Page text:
Dominique Green and Des Lawrence have also departed. They combined for 15 of UNC’s 46 passes broken up last season. The remaining DBs combined for 16. M.J. Stewart accounted for 11 of those by himself.
Fortunately, M.J. Stewart is one of the best cornerbacks in the country. Period. Can his compatriots in the secondary, specifically Patrice Rene, Corey Bell, and Myles Dorn, help fill in the gaps?
Can the Heels get pressure in the backfield?
Three years into the transition to the 4-3 defense, UNC hopes to get more aggressive. Hopefully that means finding creative ways to get to the QB. In 2016 UNC ranked 11th in the ACC in tackles for loss and sacks. They had 19 QB hurries….as a team. That’s the fewest since they had 27 in 2010, when the team was decimated with NCAA-related suspensions.
That lack of a pass rush is undoubtedly related to the inconsistency in the secondary we mentioned above. The inability to stop running backs before they get to the first and second level of their blockers certainly doesn’t help ease the burden of the LBs and the DBs. At least their 25 sacks last season were still an improvement on 2015 and 2014. Does that count as a sliver lining?
While the depth of the defense has been a talking point, the Heels are still replacing two starters on the defensive line. Malik Carney will help with the transition, but replacing Nazair Jones is a legitimate concern. The potential of Aaron Crawford, Jalen Dalton, and Jeremiah Clarke needs to come to fruition if North Carolina has any hope of returning their pass rush to respectability.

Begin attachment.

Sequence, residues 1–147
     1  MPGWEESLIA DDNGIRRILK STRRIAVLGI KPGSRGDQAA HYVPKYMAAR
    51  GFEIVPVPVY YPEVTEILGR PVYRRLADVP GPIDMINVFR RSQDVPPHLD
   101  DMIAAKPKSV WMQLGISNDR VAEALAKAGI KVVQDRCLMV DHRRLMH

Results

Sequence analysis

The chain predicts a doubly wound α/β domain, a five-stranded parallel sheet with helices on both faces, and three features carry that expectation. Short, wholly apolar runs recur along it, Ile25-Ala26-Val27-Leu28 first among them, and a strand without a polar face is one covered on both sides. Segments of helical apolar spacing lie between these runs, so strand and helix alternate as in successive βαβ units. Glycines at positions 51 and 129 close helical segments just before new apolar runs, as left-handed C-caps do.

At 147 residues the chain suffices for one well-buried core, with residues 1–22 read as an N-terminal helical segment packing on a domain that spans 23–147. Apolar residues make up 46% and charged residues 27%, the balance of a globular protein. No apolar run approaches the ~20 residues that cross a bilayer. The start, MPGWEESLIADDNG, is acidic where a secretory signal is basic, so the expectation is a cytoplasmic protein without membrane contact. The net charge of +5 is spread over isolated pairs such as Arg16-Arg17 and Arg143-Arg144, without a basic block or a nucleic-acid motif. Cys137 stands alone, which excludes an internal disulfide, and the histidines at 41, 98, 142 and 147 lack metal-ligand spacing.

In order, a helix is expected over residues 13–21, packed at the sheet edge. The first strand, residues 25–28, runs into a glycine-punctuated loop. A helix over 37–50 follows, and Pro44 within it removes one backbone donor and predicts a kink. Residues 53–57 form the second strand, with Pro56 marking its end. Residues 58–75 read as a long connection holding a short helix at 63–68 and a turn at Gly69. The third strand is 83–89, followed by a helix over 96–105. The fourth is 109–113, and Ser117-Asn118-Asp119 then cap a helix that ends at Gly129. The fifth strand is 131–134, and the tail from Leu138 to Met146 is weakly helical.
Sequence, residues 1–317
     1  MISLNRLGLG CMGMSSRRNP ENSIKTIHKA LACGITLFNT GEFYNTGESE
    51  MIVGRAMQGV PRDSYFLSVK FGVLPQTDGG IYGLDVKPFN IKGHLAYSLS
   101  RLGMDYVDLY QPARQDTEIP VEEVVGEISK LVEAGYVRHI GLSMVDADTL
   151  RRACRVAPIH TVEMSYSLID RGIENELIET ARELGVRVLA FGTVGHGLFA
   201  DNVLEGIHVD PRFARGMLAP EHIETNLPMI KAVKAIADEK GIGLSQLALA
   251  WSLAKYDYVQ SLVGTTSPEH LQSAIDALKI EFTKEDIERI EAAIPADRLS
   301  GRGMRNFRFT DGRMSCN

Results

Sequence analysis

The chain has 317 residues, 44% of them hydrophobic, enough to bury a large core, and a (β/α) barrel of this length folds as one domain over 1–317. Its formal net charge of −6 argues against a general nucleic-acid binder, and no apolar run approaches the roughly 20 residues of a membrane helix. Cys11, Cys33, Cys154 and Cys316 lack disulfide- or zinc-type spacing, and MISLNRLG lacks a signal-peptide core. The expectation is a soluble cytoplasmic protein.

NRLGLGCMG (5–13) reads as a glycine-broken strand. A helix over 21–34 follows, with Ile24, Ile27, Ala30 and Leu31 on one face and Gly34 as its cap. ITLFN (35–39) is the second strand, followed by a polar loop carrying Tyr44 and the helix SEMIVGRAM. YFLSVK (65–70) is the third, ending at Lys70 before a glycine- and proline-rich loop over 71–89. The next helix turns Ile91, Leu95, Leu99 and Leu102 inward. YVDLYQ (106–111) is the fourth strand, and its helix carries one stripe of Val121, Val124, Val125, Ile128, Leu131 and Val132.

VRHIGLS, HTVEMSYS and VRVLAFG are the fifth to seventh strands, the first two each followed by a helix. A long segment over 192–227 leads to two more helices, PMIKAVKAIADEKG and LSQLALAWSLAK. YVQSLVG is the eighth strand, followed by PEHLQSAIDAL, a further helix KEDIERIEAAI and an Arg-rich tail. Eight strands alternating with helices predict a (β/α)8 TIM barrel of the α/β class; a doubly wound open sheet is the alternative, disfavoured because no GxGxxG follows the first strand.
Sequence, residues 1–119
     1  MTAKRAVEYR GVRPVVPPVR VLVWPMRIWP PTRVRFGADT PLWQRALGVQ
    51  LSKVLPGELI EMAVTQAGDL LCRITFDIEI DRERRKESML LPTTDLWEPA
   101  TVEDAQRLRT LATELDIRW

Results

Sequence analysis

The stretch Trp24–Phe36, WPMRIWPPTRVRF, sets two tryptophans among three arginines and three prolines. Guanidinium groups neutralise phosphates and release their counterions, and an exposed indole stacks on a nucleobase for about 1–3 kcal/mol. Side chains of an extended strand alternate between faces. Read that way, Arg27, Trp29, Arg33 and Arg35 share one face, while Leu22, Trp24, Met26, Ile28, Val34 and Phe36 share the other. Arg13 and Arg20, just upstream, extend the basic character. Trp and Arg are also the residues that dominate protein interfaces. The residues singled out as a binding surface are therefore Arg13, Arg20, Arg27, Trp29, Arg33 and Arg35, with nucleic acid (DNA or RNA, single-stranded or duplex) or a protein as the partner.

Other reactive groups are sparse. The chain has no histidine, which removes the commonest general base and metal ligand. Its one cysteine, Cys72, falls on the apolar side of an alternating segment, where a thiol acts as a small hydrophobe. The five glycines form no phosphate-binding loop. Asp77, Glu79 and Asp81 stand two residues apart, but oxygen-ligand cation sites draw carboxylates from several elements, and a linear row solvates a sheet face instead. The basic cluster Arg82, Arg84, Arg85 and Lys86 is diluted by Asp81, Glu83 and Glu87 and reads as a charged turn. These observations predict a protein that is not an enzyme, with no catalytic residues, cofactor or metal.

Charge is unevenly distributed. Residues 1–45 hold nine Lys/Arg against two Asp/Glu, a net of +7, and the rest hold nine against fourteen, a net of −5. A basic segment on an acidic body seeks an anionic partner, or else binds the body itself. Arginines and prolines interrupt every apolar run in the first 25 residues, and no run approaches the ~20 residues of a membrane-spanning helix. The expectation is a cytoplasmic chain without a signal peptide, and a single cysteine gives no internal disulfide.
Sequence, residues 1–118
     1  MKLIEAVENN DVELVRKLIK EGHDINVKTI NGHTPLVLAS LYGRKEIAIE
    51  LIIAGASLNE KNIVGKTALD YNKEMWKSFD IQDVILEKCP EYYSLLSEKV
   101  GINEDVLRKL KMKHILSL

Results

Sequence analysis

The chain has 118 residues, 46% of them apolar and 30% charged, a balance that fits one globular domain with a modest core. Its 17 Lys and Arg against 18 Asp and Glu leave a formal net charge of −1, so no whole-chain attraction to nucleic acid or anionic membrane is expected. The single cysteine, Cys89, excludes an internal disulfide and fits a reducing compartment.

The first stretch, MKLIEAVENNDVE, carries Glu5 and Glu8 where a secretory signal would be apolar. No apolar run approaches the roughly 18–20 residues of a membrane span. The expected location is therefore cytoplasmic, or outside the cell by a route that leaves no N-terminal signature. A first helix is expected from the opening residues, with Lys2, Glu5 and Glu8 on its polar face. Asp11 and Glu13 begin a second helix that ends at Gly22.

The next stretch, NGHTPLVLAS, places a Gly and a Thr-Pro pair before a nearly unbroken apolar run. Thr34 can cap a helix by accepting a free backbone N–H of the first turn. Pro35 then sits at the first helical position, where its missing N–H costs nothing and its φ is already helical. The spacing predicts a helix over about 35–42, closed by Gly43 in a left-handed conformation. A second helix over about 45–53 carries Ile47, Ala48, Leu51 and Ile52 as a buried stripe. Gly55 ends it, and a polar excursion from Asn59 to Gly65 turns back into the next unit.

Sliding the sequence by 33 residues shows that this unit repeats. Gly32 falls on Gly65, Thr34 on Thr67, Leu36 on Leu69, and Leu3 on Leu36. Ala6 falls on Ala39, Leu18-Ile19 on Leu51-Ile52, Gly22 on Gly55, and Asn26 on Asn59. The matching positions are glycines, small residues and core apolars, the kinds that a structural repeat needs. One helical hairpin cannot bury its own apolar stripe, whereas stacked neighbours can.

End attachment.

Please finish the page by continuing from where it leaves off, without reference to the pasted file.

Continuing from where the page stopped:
Will UNC’s depth last the entire year?
Much has been made of UNC’s depth, and it’s true the Heels return plenty of talent across the field. However, these Heels aren’t so deep that they can sustain a similar rash of injuries as they were forced to last year. Much of that depth relies on freshmen and sophomores, or juniors with a history of injuries.
What happens if Aaron Crawford, Jeremiah Clarke, or Jalen Dalton miss time at defensive tackle and UNC is left with just two ACC-caliber players on the interior?
Jonathan Smith earned positive reviews in his brief playing time last year before an injury cut his season short. If starting MLB Andre Smith goes down, will he be ready for an increased role?
Granted, you could “what-if” these scenarios until you’re blue in the face. Yet, last year the following players missed playing time:
Nazair Jones: 1 game
Ayden Bonilla and Tyler Powell: 3 games
Jason Strowbridge: 4 games
Marlon Dunlap: 6 games
Dajaun Drennon and Robert Dinkins: 7 games
Jonathan Smith and J.B. Copeland: 8 games
Tomon Fox: 11 games
While injuries are part of the game, UNC’s depth largely depends on many people on that list. That doesn’t take into account that Copeland, Dunlap, and Dinkins are no longer with the program.
UNC must avoid similar luck with injuries or multiple All-ACC candidates will have to emerge. In a perfect world both scenarios would take place.